Tuesday, August 30, 2011

Civil Beat Fact Check: Slater Wrong on Stations; Gang of 4’s Ridership Claim Is Ripe for a ‘False’

Civil Beat is progressing with its Fact Check of the Cliff Slater-inspired commentary in the August 21st Star-Advertiser. The process involves sending inquiries to Mr. Slater and asking for documentation to back up what he and his co-authors wrote.

The tally is in on only two of seven issues; one is  TRUE , bestowed yesterday on a relatively minor matter, and the one found to be  FALSE  was announced today. We predicted the latest score in our own tally yesterday; Slater and his three co-authors did not tell the truth about the size of rail stations in their commentary, and Civil Beat has called them on it.

The issue we’re tackling today is whether, as the Gang of Four asserted, the city used a dated forecast for 2030’s population to predict future ridership. We won’t know for sure about its accuracy for decades, of course, but we can examine which side – the city or Slater – seems more likely to have made the better prediction of population and therefore of ridership.

Civil Beat asked Mr. Slater for documentation to support this statement in the op-ed:

“The city has also cherry-picked data. It relies upon a 2004 30-year population forecast even though the 2008 30-year population forecast indicates 100,000 fewer people in 2030 than was previously forecasted.”

Mr. Slater’s response referred CB to the state Department of Business Economic Development and Tourism’s “Population and Economic Projection for the State of Hawaii to 2035.” It’s dated July 2009.

Mr. Slater obviously believes this document was a better predictor of Oahu’s population decades from now. We wonder if he knows how wrong it was in predicting the population only one year later.

Way Off
The DBEDT forecast said Honolulu County’s 2010 population would be 911,800. According to the U.S. Census, the island’s actual 2010 population was 953,207. DBEDT had predicted 4.2-percent growth during the decade. As Civil Beat’s chart noted earlier this year, the actual rate was more than twice that – 8.8 percent.

Since the population forecast Mr. Slater relied on was far below what the count turned out to be less than 18 months later, it’s reasonable to conclude that it similarly has under-estimated what the US Census will certify in 2030.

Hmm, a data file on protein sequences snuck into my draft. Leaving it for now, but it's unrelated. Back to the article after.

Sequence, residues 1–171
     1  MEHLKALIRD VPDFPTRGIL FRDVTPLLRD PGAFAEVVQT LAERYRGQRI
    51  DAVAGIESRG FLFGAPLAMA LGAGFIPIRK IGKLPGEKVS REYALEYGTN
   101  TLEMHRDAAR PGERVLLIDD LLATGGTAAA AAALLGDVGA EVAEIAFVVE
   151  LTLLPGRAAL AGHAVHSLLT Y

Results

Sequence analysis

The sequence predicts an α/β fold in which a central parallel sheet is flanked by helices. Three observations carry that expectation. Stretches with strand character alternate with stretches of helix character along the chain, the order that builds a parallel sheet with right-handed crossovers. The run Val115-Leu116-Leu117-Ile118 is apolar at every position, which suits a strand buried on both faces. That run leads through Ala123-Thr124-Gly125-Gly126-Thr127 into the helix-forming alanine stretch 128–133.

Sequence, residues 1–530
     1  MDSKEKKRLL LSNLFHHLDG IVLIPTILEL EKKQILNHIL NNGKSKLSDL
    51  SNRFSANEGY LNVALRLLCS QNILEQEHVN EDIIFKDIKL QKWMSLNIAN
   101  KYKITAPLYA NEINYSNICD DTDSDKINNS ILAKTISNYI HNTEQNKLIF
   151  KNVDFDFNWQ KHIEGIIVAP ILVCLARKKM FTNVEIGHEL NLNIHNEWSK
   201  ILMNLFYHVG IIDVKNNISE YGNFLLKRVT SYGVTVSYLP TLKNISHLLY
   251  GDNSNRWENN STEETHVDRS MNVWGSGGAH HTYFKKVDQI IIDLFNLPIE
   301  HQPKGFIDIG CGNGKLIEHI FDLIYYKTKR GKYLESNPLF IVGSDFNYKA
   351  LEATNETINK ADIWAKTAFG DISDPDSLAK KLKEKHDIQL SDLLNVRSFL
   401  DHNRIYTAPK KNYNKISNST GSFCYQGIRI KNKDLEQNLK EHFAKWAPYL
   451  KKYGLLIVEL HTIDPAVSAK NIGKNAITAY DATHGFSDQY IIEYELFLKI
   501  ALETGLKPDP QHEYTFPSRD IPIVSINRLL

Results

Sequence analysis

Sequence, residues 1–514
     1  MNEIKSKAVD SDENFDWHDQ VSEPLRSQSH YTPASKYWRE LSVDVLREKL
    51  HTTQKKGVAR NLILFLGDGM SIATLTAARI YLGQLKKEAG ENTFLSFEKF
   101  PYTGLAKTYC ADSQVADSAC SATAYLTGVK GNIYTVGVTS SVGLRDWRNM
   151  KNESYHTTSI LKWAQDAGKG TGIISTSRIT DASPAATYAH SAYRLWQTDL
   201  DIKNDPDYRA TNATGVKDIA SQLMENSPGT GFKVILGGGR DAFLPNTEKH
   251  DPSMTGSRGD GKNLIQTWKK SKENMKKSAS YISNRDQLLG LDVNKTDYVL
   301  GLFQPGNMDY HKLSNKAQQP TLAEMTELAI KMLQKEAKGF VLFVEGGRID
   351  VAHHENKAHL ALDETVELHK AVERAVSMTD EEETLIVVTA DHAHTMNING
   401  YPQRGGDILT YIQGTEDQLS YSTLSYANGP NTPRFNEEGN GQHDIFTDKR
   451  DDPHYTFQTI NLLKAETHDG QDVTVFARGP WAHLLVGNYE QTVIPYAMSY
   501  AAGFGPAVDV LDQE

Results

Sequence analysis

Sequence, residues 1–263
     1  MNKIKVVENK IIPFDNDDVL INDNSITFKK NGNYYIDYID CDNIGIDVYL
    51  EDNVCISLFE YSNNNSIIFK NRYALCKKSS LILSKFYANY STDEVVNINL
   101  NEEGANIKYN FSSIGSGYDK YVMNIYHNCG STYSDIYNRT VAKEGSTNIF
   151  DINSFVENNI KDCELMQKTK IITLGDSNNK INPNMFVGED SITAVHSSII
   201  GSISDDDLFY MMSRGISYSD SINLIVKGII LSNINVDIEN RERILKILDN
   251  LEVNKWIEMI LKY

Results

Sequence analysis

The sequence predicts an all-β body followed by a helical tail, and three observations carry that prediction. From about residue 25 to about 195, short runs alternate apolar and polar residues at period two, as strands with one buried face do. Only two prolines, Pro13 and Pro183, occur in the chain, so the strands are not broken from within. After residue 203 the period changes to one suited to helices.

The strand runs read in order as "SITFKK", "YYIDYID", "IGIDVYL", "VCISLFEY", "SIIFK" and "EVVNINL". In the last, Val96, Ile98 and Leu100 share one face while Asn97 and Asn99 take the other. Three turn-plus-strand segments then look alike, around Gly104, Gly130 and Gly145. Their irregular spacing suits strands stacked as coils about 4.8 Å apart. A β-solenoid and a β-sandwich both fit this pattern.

The project’s Final Environmental Impact Statement’s 2030 population prediction is 1,117,200. DBEDT’s prediction is 1,017,600. There’s the 100,000 difference Mr. Slater and his co-authors wrote about.

We’ll have to wait on Civil Beat’s Fact Check to see its grade for Mr. Slater’s claim that the city used a dated population forecast. It might be  BARELY TRUE  and worthy of orange-trending-to-red based on its date alone, but as for Mr. Slater's assertion that the city erred in using it to predict future rail ridership, it deserves a  FALSE .

You wonder if the Gang of Four's other members are regretting going "all in" on Mr. Slater’s say-so!

(This post has been added to our "aggregation site" under Cliff Slater.)


Anonymous said...

All this discussion about height but what I don't understand from rail critics is this. How many buildings do we have on this island over 100 feet? Why is this not considered visual blight? Made of the same steel, concrete, and glass that rail stations will consist of? A PBN editorial they refer to has a rendering of the Pearl Highlands rail station as exhibit A of visual blight. Ironic, to the right of the station is an existing condo. Tell me how is this bldg not landscape changing? As it stands, does it really fit in to the surrounding space? Once again, doubletalk.

Anonymous said...

Civil Beat has already comfirmed, by simply studying the preliminary scale drawings in the EIS, there are NO TEN STORY STATIONS in the 20 mile line. This claim was graded FALSE. Another Slater Lie!